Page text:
Immigrants plead case to Gaithersburg government

Gaithersburg logoGAITHERSBURG — Several immigrants and their advocates came to City Hall Monday night to ask Mayor Jud Ashman and the City Council to pass a “restoring community trust” ordinance to provide protection to immigrant communities and assuage their fears of interacting with government agencies.

“I have met many talented, resilient, hard-working young adults, but they all share one common denominator,” said Claudia Quinonez, Maryland field director for the immigrant advocacy organization United We Dream. “They are afraid of being torn apart from their families due to their immigration status. I have seen many students with straight A’s drop their grades or failed their classes due to their families being torn apart as a result of the federal immigration system. I have seen mothers fail to seek benefits for their children because of fear that they will be turned away by state agencies. I have seen families stop themselves from reporting crimes because they are afraid that they will be detained by local police. For this reason, we come to you, Mayor and City Council, to urge you to help Gaithersburg residents feel free to come out of the shadows and give them peace of mind. We kindly ask you to pass a restoring community trust ordinance, as has happened in many adjacent cities such as Hyattsville, Takoma Park, and Rockville.”

“I’m here because an ordinance preventing city police from cooperating with ICE (Immigrations and Customs Enforcement) will make immigrants less afraid to speak with police," said Ibrahim Pinzon, a senior at Gaithersburg High School. “I came here at the age of one from Mexico. I have a DACA (Deferred Action for Childhood Arrivals) visa, which is in danger of being eliminated under Trump. I want to prosper here and be a member of the community. Gaithersburg was ranked as, statistically, as the most diverse city in the United States, and I have prospered here. I’ve been accepted to four out of the five colleges that I’ve applied to and I have $108,000 scholarship to McDaniel College, so I plan on pursuing my career here.”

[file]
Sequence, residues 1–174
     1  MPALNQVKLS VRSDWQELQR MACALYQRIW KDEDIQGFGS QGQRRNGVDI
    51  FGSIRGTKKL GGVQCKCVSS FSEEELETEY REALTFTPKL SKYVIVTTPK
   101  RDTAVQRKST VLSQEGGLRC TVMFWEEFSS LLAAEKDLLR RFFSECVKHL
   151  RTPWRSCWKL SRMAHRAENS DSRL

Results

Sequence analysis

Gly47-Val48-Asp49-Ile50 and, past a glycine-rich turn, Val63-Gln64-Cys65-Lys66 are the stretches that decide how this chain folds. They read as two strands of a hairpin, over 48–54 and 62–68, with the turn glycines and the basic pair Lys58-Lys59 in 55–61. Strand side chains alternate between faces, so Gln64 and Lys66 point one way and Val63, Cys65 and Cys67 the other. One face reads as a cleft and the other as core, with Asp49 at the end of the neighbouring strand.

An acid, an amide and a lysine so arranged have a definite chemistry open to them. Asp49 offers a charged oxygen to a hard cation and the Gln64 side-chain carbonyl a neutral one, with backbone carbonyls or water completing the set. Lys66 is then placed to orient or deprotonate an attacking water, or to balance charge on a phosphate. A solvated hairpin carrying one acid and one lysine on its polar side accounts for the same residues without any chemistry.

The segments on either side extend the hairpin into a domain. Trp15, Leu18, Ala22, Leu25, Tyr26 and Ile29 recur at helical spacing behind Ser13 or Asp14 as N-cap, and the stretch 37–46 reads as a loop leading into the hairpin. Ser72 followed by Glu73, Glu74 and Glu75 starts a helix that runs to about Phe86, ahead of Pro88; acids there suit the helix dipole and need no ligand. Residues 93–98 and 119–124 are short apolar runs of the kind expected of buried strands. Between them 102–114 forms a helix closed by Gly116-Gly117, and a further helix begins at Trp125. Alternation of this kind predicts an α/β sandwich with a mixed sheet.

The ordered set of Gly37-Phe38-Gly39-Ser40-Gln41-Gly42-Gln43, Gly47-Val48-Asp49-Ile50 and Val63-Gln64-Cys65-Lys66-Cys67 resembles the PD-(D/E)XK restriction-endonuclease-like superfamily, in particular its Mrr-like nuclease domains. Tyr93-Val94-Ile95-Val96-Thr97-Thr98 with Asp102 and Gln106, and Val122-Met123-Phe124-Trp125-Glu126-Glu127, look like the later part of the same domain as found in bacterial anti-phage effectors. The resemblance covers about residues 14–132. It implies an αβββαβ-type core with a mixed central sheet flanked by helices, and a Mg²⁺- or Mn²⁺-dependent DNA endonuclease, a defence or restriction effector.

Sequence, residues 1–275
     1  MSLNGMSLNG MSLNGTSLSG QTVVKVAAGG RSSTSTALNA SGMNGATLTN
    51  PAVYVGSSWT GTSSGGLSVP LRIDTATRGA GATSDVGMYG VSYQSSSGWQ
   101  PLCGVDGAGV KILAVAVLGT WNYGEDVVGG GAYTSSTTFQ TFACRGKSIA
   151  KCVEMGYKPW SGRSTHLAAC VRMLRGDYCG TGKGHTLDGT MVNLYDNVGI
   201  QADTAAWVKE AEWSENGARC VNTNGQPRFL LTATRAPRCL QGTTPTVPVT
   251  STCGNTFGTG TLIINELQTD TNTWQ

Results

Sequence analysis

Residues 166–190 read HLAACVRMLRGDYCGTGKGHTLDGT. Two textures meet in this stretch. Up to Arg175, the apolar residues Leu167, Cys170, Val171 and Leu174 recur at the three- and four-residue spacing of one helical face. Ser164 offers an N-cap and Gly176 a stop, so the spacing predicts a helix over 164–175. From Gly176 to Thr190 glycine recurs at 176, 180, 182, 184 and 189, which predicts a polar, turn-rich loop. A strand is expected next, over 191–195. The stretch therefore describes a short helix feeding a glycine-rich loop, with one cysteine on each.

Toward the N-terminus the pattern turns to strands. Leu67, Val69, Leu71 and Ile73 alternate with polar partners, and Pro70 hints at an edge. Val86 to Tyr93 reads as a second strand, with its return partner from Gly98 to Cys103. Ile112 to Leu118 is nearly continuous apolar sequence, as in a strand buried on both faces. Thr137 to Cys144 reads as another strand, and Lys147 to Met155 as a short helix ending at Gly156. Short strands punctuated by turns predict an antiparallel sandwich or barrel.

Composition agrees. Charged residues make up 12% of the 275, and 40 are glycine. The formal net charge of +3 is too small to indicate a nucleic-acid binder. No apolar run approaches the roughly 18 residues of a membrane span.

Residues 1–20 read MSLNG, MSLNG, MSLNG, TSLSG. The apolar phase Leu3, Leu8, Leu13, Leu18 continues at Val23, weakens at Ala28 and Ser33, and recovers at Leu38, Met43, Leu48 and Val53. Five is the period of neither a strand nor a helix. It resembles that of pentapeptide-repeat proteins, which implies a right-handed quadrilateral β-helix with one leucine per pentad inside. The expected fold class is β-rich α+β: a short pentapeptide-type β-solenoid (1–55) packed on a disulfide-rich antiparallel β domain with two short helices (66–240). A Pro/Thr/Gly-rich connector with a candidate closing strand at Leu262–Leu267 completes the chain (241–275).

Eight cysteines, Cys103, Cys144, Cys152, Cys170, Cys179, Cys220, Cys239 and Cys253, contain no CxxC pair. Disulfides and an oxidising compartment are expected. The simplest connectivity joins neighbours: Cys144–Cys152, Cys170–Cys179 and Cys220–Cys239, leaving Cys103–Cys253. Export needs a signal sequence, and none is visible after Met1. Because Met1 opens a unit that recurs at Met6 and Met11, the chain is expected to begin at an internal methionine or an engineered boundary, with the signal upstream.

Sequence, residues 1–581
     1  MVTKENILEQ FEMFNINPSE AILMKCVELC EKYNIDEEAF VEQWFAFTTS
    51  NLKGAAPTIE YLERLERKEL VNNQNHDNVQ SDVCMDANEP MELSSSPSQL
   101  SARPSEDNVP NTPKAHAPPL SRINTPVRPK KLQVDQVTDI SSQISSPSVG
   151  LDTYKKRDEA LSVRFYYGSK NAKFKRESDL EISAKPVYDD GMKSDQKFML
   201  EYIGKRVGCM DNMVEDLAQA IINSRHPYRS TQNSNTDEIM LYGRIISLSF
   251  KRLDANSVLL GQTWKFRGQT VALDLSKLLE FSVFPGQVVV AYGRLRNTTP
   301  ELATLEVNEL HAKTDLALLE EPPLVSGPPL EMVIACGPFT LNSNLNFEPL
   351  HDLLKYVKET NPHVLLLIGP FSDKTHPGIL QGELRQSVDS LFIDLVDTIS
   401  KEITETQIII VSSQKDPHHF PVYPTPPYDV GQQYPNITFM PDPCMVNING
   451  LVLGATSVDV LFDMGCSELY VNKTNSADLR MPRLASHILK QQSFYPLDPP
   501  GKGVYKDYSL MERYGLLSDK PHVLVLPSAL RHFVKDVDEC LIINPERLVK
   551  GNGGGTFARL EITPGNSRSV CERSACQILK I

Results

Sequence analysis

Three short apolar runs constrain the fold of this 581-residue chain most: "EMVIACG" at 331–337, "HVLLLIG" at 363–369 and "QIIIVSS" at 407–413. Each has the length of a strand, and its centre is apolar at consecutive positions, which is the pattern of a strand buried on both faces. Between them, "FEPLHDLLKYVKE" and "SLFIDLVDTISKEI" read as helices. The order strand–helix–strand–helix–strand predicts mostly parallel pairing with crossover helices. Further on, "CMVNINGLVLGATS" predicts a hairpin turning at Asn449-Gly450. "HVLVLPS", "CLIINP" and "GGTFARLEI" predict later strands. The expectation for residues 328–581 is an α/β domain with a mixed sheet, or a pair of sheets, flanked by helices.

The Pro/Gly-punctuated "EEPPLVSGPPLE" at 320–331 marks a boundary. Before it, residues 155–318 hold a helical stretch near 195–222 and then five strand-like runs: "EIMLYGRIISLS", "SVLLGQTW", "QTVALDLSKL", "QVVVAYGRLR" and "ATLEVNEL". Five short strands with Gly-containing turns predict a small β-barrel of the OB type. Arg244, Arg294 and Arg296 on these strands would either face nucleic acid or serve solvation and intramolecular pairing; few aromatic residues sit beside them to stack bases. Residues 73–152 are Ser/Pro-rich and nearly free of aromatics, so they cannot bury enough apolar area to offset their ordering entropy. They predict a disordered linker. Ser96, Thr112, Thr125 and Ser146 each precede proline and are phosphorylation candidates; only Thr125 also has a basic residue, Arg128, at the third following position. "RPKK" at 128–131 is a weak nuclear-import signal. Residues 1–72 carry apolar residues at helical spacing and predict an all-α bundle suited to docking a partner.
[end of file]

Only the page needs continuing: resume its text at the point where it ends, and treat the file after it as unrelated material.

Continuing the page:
“I came to the United States from Mexico two years ago,” said Felipe Pineda, a junior at Gaithersburg High School. “I lost several members of my family in the violence of the drug cartel wars. The diverse community of Gaithersburg made me feel at home right away. I’m hoping the city will help us feel welcome by passing this ordinance."

“This is not a new issue for us,” Mayor Ashman said in response to the testimony of Quinonez, Pinzon, Pineda, and other attendees. “While we have not passed a formal ordinance, we have made a strong statement’ we do have a policy for our police department that they are not empowered and do not have the resources to enforce federal immigration laws. When police speak to members of our community, they are not checking documentation.  When people sign up for recreational activities, we do ask for documentation as to whether you live in Gaithersburg, in order to determine if you receive the city rate or the county rate, but we are not checking documentation for federal immigration status. We have not passed a trust ordinance, and you’re welcome to advocate for that, but I do feel we’ve resolved ourselves on this issue. We are a welcoming, diverse place.”

“I appreciate the comments that you made that this is a community that is very welcoming,” said Debbie Chen, who testified after Ashman’s statement. “I understand the point that you’ve made that you’ve put out this policy, but I think it’s important that it’s very clear to the community where those lines are drawn, and what the rules and responsibilities are with regards to local law enforcement and ICE officers. It’s fine to have a policy, but policies can often be changed. It’s ultimately about transparency and accountability in government. I’m asking you to listen to the concerns of the people in your city.” 

“I’m here to support these people in their efforts,” said Doug Hill, an area resident, who also testified. “I hope to make the city government understand that people in these communities need their protection – not just a Section 108 policy for the police department, but actual legislation.”


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